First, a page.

On Thursday evening, the state of Hawaii asked a federal judge in Honolulu to determine whether the Trump administration had interpreted the court's decision too narrowly.
Hawaii said in a court filing that the U.S. government intended to violate the Supreme Court's instructions by improperly excluding from the United States people who actually have a close family relationship to U.S. persons, echoing criticism from immigrant and refugee groups.
Hawaii called the refusal to recognize grandparents and other relatives as an acceptable family relationship "a plain violation of the Supreme Court's command."
Hawaii's Attorney General Doug Chin asked U.S. District Judge Derrick Watson in Honolulu, who blocked Trump's travel ban in March, to issue an order "as soon as possible" clarifying how the Supreme Court's ruling should be interpreted.
Karen Tumlin, legal director of the National Immigration Law Center, said the administration's guidance "would slam the door shut on so many who have waited for months or years to be reunited with their families."
Asked how barring grandparents or grandchildren makes the United States safer, a senior U.S. official did not directly answer, but instead pointed to Trump's guidance to pause "certain travel while we review our security posture."
The U.S. government expects "things to run smoothly" and "business as usual" at U.S. ports of entry, another senior U.S. official told reporters.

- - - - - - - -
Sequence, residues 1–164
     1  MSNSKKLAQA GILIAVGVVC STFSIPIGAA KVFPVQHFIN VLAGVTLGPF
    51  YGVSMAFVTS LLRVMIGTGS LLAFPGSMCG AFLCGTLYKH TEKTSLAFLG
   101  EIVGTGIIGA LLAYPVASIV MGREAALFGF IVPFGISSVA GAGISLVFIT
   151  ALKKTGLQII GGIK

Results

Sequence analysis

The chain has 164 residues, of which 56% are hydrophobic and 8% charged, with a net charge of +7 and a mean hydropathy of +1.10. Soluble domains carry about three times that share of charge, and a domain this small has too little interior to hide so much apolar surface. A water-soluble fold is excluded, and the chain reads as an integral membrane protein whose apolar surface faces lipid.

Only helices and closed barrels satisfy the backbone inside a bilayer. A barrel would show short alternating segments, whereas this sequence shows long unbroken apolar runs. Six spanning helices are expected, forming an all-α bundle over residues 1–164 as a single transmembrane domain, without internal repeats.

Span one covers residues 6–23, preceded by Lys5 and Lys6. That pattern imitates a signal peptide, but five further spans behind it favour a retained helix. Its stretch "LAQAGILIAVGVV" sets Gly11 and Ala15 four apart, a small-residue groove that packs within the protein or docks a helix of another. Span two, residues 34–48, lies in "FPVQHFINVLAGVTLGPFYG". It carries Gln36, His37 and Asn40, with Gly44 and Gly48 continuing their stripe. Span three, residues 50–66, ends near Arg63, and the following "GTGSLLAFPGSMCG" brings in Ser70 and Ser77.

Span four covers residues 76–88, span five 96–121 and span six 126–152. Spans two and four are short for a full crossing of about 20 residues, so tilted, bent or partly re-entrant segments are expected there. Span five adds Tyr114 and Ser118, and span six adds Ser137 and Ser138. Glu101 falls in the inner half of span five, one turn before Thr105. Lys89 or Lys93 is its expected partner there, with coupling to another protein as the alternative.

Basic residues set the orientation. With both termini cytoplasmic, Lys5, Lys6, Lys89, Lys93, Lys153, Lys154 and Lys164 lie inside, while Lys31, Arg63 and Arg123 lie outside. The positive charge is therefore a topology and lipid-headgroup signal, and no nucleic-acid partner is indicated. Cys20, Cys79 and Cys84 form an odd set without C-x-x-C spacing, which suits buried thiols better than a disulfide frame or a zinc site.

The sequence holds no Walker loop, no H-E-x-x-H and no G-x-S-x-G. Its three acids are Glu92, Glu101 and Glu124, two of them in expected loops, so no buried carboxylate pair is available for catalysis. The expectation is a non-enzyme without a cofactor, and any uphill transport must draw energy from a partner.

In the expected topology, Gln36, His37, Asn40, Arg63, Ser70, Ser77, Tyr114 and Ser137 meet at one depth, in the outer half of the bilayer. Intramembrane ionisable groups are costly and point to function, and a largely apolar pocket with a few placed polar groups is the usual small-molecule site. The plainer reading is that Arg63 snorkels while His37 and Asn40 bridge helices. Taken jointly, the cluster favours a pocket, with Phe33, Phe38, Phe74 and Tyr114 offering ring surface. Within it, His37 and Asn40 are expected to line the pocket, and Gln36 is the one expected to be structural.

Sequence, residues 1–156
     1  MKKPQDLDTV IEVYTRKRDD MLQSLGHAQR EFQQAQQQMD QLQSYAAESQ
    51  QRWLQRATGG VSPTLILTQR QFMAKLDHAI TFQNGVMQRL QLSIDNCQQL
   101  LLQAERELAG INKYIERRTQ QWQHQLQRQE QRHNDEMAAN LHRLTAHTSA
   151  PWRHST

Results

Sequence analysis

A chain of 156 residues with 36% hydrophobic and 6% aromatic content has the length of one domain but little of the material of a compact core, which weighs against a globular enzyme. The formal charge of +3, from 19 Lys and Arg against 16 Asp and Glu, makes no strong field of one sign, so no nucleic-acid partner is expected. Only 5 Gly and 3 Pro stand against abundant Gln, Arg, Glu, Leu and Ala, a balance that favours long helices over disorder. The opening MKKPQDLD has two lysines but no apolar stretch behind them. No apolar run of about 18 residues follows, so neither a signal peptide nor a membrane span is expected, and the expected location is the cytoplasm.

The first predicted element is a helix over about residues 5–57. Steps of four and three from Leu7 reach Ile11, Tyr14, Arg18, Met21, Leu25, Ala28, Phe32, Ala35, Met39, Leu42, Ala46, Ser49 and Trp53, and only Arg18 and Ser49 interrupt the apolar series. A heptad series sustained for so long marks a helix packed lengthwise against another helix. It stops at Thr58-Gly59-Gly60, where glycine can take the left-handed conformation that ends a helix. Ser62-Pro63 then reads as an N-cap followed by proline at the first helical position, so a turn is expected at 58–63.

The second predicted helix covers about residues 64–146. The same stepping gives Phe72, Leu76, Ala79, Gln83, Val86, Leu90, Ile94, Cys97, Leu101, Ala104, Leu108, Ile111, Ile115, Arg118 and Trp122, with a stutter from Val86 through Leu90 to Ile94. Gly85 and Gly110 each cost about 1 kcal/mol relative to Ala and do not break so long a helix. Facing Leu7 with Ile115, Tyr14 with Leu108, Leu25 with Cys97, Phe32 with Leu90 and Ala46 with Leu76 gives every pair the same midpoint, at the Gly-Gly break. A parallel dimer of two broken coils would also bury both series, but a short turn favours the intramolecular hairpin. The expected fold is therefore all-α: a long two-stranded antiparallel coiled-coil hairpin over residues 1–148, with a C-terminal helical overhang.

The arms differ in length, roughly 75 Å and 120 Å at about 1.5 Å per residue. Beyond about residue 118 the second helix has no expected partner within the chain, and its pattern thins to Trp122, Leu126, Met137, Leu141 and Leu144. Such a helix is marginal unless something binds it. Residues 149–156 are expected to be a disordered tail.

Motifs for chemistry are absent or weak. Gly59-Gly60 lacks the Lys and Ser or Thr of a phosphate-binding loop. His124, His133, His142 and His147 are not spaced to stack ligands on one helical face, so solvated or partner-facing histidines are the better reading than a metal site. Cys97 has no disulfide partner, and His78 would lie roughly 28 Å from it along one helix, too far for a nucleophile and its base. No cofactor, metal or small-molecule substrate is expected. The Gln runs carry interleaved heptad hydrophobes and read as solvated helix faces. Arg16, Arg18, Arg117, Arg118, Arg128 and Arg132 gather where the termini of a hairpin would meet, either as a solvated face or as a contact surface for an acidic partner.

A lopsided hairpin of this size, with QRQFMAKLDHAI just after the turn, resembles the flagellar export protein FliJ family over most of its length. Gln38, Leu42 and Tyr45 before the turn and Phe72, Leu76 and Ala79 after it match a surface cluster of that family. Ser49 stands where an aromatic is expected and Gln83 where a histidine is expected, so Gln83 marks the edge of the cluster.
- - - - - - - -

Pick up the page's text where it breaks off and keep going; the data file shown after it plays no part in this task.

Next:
The administration said that refugees who have agreements with resettlement agencies but not close family in the United States would not be exempted from the ban, likely sharply limiting the number of refugees allowed entry in coming months.
Hawaii said in its court filing that it was "preposterous" to not consider a formal link with a resettlement agency a qualifying relationship. Refugee resettlement agencies had expected that their formal links with would-be refugees would qualify as "bona fide."
The administration's decision likely means that few refugees beyond a 50,000-cap set by Trump would be allowed into the country this year. A U.S. official said that as of Wednesday evening, 49,009 refugees had been allowed into the country this fiscal year. The State Department said refugees scheduled to arrive through July 6 could still enter.
Trump first announced a temporary travel ban on Jan. 27, calling it a counterterrorism measure to allow time to develop better security vetting. The order caused chaos at airports, as officials scrambled to enforce it before being blocked by courts. Opponents argued that the measure discriminated against Muslims and that there was no security rationale for it.
A revised version of the ban was also halted by courts.
The State Department guidance, distributed to all U.S. diplomatic posts on Wednesday evening and seen by Reuters, fleshed out the Supreme Court's ruling about people who have a "bona fide" relationship with an individual or entity in the United States.
It defined a close familial relationship as being a parent, spouse, child, adult son or daughter, son-in-law, daughter-in-law or sibling, including step-siblings and other step-family relations.
A department cable said grandparents, grandchildren, aunts, uncles, nieces, nephews, cousins, brothers-in-law and sisters-in-law, fiancés, "and any other 'extended' family members" are not considered close family.
The guidelines also said that workers with offers of employment from a company in the United States or a lecturer addressing U.S. audiences would be exempt from the ban, but that arrangements such as a hotel reservation would not be considered bona fide relationships.